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Scientists at the University of Liverpool have found that amphibians that use toxins to protect themselves against predators are at a higher risk of extinction than those who use other types of defence, which poses a challenge to a long-held evolutionary hypothesis.
As part of nature’s evolutionary arms race, animals have evolved a whole host of different defence mechanisms, including chemical defences, such as poisons or irritants, camouflage, warning colouration and mimicry.
The way mechanisms deter predators has been well studied, but little is known about how they impact upon larger evolutionary processes such as speciation – the formation of new species – and extinction.
First of its kind
In the first large-scale empirical test in animals of its kind, the team examined how rates of extinction and speciation varied across different defensive traits in amphibians. They found that animals that use chemical defence show higher rates of speciation, but also higher rates of extinction, compared to those without, leading to a net reduction in species diversification (the interplay of speciation and extinction).
In contrast, the use of warning colouration and mimicry was associated with higher rates of speciation, but unchanged rates of extinction.
Lead author Dr Kevin Arbuckle, from the University’s Institute of Integrative Biology, said: “There are a number of plausible reasons why the use of chemical defence might lead to higher extinction rates. For example, it could be that there is trade off which leaves prey vulnerable to other kinds of enemies, such as infectious diseases, but we don’t yet understand what drives the relationship.”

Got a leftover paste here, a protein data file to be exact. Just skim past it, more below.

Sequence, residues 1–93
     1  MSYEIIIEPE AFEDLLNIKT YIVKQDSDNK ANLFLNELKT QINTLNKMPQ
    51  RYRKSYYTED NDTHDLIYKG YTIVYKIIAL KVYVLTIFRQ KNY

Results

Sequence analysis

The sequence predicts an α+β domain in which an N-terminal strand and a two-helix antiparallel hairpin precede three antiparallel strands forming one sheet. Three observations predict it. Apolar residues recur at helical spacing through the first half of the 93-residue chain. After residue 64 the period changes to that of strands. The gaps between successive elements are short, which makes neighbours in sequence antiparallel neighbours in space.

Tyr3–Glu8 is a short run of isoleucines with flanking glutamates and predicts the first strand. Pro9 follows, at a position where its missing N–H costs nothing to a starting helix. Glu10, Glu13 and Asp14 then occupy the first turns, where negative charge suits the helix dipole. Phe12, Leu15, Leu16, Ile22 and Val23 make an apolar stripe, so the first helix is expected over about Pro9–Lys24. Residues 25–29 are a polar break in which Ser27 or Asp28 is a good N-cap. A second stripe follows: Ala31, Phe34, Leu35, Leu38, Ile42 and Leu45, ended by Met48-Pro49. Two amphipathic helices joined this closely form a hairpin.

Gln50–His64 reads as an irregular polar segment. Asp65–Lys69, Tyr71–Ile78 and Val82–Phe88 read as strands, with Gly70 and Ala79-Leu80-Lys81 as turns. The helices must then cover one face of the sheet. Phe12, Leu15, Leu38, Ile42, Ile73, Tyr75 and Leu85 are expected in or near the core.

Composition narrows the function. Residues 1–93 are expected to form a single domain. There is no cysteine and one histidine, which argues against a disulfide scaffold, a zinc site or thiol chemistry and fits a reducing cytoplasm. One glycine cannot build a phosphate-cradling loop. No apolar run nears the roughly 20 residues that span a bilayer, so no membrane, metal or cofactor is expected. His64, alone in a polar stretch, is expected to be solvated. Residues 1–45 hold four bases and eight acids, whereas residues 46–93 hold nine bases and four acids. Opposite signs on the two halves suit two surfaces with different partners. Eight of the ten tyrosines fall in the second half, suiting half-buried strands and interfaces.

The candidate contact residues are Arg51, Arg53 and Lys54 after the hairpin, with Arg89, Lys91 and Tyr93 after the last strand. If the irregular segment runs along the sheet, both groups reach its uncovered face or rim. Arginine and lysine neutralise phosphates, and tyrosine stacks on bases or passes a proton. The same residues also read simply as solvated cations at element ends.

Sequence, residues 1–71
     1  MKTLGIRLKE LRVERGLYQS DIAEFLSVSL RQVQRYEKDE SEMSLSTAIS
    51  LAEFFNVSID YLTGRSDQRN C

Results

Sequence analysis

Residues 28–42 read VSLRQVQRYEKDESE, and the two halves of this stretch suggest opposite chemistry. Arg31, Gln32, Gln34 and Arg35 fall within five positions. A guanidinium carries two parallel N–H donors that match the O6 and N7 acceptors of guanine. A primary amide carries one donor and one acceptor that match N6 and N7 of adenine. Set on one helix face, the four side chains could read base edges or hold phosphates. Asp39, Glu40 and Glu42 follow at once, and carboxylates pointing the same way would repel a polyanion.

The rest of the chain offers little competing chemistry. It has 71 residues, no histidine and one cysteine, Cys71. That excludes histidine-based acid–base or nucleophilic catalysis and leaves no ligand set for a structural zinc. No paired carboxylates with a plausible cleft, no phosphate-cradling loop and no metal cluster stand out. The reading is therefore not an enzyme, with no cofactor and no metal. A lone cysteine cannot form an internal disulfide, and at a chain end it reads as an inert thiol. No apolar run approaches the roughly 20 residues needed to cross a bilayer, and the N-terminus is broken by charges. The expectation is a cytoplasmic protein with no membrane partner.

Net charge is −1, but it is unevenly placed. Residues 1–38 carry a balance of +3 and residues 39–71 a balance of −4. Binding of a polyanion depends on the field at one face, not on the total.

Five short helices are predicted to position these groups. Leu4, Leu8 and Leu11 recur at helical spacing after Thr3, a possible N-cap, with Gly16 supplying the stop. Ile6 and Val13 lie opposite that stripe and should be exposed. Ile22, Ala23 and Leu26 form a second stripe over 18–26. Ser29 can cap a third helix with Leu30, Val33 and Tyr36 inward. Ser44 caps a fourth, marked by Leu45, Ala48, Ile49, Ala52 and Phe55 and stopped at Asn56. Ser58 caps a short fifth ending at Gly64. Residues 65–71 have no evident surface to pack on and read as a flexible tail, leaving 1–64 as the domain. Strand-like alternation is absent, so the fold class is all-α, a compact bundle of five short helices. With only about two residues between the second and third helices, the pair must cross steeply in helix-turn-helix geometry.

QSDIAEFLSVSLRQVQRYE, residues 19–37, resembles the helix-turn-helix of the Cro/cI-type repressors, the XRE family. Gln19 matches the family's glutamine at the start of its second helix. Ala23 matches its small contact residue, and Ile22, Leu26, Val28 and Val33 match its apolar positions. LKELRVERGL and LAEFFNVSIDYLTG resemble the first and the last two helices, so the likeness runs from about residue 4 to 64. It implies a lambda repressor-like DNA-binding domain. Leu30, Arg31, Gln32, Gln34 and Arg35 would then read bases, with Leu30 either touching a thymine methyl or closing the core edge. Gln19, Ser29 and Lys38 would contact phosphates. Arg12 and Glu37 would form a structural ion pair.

Challenging a hypothesis
The results of the study, which is published in the Proceedings of the National Academy of Sciences, are only partially consistent with a long-held evolutionary hypothesis, called ‘escape-and-radiate’, which predicts that effective defences let prey ‘escape’ from predators and diversify into many different species in the process.
Dr Arbuckle added: “We’ve shown that this hypothesis, which is widely cited and used, requires some revision because of its failure to account for the effects of extinction rates. We propose that ‘escape-and-radiate’ should be seen as just one part of a more general hypothesis for the macroevolutionary effects of antipredator defence that includes both speciation and extinction.”
“In addition, our findings could help support the conservation of endangered species by allowing some predictability of extinction risk from knowledge of antipredator defences. Amphibians are a key example of this as they have suffered population declines worldwide, including many of the iconic poison-dart frogs.”
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